• Gross Raises Government-Related Debt to 50% of His Flagship Fund (Susanne Walker, Bloomberg) Has Bill Gross made his move after the market moved away from him? Or has he positioned in a timely way to take advantage of the next leg up in bond prices? From the beginning of the year the long-term Treasury Bond ETF (NYSE:TLT) shot up more than 12.5% before recently pulling back 3.5%. Will this turn out to be a successful buy-the-dip move or a losing buy-just-after-the-top move?

The only legitimate reason why bond U.S. bond yields would be falling even as the Fed is getting out of the bond-buying business is that we are facing a contraction in global growth. It is not because of "technical reasons", "geopolitical concerns" or, especially not because "there are no bonds to buy."

And you can also throw away the argument that European bond yields are currently at or below those in the U.S.; therefore, global investors are simply doing a yield arbitrage. This reasoning really only serves to underscore the reality of declining economic growth throughout the developed world; and fails to explain how the U.S. economy can function with impunity from a globalized funk.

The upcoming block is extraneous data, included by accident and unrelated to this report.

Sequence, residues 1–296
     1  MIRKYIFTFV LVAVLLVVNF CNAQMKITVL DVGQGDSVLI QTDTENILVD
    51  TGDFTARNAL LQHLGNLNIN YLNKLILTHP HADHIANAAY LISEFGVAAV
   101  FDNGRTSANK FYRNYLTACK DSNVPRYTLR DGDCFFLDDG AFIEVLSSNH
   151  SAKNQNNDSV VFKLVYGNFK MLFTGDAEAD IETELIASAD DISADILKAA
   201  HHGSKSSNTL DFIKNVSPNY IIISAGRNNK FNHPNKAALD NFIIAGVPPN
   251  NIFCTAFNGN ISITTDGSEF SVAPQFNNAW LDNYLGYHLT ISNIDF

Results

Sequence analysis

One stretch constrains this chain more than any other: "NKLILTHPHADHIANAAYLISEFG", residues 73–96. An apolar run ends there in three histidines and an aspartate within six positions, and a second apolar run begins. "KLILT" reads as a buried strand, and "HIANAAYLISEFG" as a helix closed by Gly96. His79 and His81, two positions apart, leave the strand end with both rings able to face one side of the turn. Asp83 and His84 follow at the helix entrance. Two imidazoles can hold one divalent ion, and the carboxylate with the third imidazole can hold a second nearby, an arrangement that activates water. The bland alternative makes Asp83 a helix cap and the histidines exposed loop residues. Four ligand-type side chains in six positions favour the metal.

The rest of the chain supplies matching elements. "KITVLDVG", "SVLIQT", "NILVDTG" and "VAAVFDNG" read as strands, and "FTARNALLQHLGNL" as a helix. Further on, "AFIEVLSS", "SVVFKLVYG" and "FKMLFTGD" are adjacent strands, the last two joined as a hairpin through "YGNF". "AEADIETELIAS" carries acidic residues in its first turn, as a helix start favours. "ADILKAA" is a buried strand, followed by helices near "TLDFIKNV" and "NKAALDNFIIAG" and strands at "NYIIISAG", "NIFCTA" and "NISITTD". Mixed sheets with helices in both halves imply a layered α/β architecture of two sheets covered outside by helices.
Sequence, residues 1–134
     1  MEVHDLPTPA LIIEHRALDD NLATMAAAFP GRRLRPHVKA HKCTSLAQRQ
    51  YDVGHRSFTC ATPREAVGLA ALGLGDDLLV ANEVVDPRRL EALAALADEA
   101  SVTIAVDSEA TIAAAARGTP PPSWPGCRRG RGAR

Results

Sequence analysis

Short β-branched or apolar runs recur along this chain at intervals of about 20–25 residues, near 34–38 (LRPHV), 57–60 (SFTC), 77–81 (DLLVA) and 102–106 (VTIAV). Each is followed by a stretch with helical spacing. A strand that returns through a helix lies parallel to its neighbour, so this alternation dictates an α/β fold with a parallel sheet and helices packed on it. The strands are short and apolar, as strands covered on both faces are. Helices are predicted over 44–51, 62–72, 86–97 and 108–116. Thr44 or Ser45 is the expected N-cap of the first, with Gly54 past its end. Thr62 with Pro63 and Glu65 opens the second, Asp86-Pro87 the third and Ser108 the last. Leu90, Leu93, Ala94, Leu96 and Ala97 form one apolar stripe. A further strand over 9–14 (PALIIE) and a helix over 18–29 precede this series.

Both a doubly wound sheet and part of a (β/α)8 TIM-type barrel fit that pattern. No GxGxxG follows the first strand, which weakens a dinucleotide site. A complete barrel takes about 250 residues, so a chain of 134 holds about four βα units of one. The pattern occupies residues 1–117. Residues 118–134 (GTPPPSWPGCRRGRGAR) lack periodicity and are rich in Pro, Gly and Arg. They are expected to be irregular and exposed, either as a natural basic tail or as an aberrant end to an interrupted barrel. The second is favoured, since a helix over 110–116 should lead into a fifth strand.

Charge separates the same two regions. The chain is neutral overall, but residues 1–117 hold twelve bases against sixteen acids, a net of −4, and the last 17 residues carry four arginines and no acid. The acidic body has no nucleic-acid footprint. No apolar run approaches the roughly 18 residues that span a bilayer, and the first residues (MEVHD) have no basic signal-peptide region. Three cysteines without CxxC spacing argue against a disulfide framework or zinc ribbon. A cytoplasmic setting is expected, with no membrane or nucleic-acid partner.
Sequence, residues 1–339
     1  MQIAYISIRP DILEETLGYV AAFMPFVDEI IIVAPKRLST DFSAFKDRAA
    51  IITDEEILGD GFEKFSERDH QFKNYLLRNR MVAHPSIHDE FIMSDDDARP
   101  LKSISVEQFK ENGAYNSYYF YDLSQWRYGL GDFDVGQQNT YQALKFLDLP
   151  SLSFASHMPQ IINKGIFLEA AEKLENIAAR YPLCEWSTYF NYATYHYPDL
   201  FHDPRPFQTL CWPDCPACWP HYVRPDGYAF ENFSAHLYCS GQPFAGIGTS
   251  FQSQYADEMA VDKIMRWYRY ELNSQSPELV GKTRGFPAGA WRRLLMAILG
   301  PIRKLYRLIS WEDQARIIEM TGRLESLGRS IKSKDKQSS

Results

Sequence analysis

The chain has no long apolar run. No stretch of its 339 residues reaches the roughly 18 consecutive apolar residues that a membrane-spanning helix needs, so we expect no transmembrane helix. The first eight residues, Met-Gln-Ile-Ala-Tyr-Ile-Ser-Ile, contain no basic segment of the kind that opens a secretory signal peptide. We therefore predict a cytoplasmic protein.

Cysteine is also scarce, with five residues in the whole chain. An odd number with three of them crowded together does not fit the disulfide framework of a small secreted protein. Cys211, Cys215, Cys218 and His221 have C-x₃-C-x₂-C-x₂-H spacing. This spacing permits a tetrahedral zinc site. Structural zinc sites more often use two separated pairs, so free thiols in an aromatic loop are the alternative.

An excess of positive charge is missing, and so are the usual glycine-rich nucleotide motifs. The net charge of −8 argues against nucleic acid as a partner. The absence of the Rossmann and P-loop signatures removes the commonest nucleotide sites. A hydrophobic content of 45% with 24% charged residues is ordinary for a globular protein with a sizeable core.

Unless Mario Draghi is about to make the ECB launch a QE program that would make the Fed blush, there is only one reason why the bond bubble has gone into hyper drive.

The truth is that the world is awash in sovereign debt. And the credit, currency and inflation risks associated with owning that debt has never be more elevated. Therefore, the only reason why yields are at historic lows is because they are predicting the chances of a meltdown in the global economy is extremely elevated at this time.

Econintersect suggests that Pento is off-target with respect to the debt that is the problem; it is private debt that risks the meltdown. To understand this one needs to add two things to Pento's discussion: (1) Irving Fisher's Theory of Debt Deflation and (2) the existential difference between sovereign debt and private debt. (Note: In the second case sovereign debt of members of a monetary union like countries in the eurozone or states within the U.S. has more in common with private debt than with the sovereign debt of currency issuing countries like UK, U.S. Japan and China.)

So Pento has an argument that is suspect on the details but he does get to a debt deflation conclusion without clearly defining the logical pathway.

  • This Chart May Drive A Stake Through Austerity Cheerleaders (Rob Wile, Business Insider) This data set needs to be tracked through time. The pro-austerity argument is that pain now will equal joy later. So, to discredit or support austerity it is necessary to know how the "sufferers" today (Italy, Spain, Portugal and Greece) compare with positive employment change countries 2, 5 and 10 years down the road.